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5 Tips to Working From Home

Read time: 4 mins


Raise your hand if you have had to adjust to working from home?



The COVID-19 pandemic has forced us to change the normal routines of our daily lives. Most businesses have been forced to shut, employees shuffled around to work from home, loss of jobs and panic buying of toilet paper has gone to a whole new level. There is no way to sugarcoat the situation we’re all in, as we’re forced into a new reality that involves venturing into deeper self-isolation.

To stay alive, many businesses have made a smart transition to the online arena. Rebuilding their community virtually through Zoom meetings and social media live streams. Thankfully being human, we can handle enormous change. Here are our top five tips to transition your home into an office.


Your bed is for relaxing

First things first, find a table to work on. Although it may be comfortable to have an office set up in your bedroom, it’s incredibly unproductive because this environment tempts you to fall asleep or slow down in your work. The same case applies to working from your living room, next you know, two hours have gone by and you’ve gone further in watching Tiger King on Netflix than your work.

The best option is to create a specific work area that’s free from interruptions. It can be an entire room or some part of a room, but essentially, it should be exclusively set aside as your working area. You would be surprised by how having a dedicated work atmosphere will help to improve your attentiveness and concentration throughout your workday.


Dress the part

Nearly everyone who works from home wants to be in pajamas when working. However, putting on clothes that match your profession gives you a remarkable psychological benefit, even if you are working from home. I am not saying that you put on a full suit and a tie daily (unless you want too). By dressing professionally when at your home office, it tricks your brain to adjust to ‘working mode’.

This is a similar concept to working in your pajamas, the psychological downfall is that being ‘too’ comfortable tends to leave you working disorderly. When you clock off, slip on your pajamas as a reminder to relax and start feeling good.



Play music that corresponds to your work

Your inner-being wants to put on Kanye West in the background while doing admin tasks. You’ve never done that in the office just in case your music taste bothers someone else but we’re giving you permission to jam out at your home workspace. While working, it’s beneficial for your productivity to listen to playlists that correspond to the amount of energy that the project you have at hand requires.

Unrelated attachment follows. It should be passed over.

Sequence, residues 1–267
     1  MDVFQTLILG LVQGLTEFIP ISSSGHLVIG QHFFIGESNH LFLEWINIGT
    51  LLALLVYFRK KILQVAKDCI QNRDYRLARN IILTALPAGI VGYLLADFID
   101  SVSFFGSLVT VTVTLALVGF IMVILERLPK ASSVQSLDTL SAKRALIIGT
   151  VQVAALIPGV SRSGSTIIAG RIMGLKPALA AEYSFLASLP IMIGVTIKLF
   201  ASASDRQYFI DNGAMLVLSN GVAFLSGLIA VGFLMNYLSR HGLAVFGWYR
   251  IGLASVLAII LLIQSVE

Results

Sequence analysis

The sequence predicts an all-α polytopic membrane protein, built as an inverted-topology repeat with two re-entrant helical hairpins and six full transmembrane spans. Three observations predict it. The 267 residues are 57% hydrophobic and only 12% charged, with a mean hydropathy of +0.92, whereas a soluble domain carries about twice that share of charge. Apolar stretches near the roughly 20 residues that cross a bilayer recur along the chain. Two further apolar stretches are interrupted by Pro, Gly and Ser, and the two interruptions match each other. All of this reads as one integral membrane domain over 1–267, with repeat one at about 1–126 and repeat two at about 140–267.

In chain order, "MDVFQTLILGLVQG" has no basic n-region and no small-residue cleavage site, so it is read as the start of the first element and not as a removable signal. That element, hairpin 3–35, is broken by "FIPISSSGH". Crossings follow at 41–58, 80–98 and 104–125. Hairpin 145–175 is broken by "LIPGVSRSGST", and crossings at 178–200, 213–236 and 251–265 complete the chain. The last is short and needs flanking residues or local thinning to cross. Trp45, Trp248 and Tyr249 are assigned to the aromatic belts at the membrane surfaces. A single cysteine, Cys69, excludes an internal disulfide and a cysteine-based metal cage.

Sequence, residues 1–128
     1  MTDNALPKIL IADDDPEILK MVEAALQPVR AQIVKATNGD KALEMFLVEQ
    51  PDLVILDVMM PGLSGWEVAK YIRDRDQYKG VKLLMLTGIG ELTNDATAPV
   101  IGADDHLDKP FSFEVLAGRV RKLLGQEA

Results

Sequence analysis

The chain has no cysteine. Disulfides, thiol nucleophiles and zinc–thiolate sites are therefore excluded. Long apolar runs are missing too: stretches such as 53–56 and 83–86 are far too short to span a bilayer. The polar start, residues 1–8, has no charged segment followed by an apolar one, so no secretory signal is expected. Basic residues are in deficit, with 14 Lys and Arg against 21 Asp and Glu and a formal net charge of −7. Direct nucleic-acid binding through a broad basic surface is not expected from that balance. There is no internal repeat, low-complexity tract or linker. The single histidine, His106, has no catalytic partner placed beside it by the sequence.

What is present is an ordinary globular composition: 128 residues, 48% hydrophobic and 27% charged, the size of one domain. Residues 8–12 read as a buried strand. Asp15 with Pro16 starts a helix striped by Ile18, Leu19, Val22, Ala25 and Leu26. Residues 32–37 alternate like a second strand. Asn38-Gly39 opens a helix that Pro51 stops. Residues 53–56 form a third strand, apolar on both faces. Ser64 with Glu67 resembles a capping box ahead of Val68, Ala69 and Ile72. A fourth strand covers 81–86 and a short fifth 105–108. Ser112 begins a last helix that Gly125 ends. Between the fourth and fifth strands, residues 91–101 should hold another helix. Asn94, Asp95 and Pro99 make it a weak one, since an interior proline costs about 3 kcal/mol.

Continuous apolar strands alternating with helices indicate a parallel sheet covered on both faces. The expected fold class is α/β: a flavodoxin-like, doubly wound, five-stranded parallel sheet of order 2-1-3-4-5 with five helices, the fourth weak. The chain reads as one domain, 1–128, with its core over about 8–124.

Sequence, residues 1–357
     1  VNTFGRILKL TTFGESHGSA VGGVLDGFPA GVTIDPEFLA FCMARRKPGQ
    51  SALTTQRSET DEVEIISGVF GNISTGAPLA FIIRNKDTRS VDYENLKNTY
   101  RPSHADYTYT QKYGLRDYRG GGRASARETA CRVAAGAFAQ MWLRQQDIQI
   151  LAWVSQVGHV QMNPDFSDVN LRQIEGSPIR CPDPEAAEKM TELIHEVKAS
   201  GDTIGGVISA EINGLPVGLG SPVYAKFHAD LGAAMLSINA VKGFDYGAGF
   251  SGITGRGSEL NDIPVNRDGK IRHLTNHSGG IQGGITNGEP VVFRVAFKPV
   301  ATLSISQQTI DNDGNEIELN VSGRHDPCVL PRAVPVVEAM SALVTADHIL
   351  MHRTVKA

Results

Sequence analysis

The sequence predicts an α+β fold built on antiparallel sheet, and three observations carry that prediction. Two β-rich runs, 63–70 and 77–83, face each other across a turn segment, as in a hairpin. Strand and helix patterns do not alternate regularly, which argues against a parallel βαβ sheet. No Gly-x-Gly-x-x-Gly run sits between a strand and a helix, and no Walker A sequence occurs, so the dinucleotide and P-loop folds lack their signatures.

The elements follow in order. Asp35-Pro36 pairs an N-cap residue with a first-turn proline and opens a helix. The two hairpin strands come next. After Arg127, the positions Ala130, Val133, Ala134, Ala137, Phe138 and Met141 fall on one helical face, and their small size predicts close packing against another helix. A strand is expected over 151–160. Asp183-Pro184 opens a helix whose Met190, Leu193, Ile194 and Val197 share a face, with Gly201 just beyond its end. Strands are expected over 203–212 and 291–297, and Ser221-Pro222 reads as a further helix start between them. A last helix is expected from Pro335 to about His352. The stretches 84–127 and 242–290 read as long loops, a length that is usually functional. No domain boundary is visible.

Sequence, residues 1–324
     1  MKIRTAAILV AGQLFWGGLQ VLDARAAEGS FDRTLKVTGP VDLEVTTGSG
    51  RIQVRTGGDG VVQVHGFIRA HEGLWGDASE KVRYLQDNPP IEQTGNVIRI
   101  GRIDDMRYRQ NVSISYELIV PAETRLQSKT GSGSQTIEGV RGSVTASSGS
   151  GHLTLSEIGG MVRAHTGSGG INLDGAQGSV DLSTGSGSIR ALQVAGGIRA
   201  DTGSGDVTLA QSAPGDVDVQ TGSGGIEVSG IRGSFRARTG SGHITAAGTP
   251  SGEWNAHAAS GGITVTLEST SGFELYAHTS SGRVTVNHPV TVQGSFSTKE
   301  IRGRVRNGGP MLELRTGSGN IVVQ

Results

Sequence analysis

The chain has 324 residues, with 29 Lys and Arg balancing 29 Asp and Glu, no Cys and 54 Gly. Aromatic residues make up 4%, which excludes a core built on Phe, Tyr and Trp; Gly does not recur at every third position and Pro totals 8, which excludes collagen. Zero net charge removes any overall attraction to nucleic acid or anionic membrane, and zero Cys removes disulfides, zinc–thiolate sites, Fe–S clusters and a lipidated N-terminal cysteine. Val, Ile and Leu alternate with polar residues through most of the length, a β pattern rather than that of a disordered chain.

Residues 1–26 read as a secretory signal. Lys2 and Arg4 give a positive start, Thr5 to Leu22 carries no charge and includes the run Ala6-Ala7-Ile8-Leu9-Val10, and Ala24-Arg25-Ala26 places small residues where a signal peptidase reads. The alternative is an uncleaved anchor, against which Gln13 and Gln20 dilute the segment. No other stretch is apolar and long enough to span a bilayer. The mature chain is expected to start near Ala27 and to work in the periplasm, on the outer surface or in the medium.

Upbeat music is a great way to boost energy levels, motivation, and alertness. Before you cue Kanye on repeat, keep in mind that all upbeat music isn’t ideal for all projects. Soothing and melodic music is ideal for cognitively demanding tasks like reading, calculating reports and learning something new.


Use home appliances to time your work

Have you ever busted out a few tunes in the shower and realised how long you have been there by how deep you are in your Spotify playlist? Everyone’s a rock star in the bathroom, I think we are all culprits of thinking like this. You can establish the amount of time you’ve spent in the bathroom by estimating the total playtime for the songs.

You can use this general principle to maintain your focus on your job when you are working from your home office. For instance, you could run your laundry rather than listening to music. Execute a task in your to-do list fully before adding another laundry load in the washing machine. You can improve your work efficiency by focusing on a particular task throughout the wash cycle and then executing another assignment within the next cycle. #multitasking


Schedule rewards


You deserve a pat on your back for your hard work. It’s important to remember to celebrate all the wins even the little ones. Such self-rewards give you positive energy making work more enjoyable. Luckily for most of us, there are more relaxed and exciting opportunities you can reward yourself from your home setting as compared to an office environment. Examples include face masks, naps and lighting a highly fragrant candle. Emphasize this self-reward habit in your work routine by scheduling time or setting reminders into your calendar to claim those rewards.

In case you are just beginning your work-from-home journey, remember that every person has his or her unique way of working. As such, you may take some time before you discover the strategy that suits you best. Maintain your focus on your goals, set rewards for achieving those goals and finally, you’ll establish an almost-excellent working-from-home structure.

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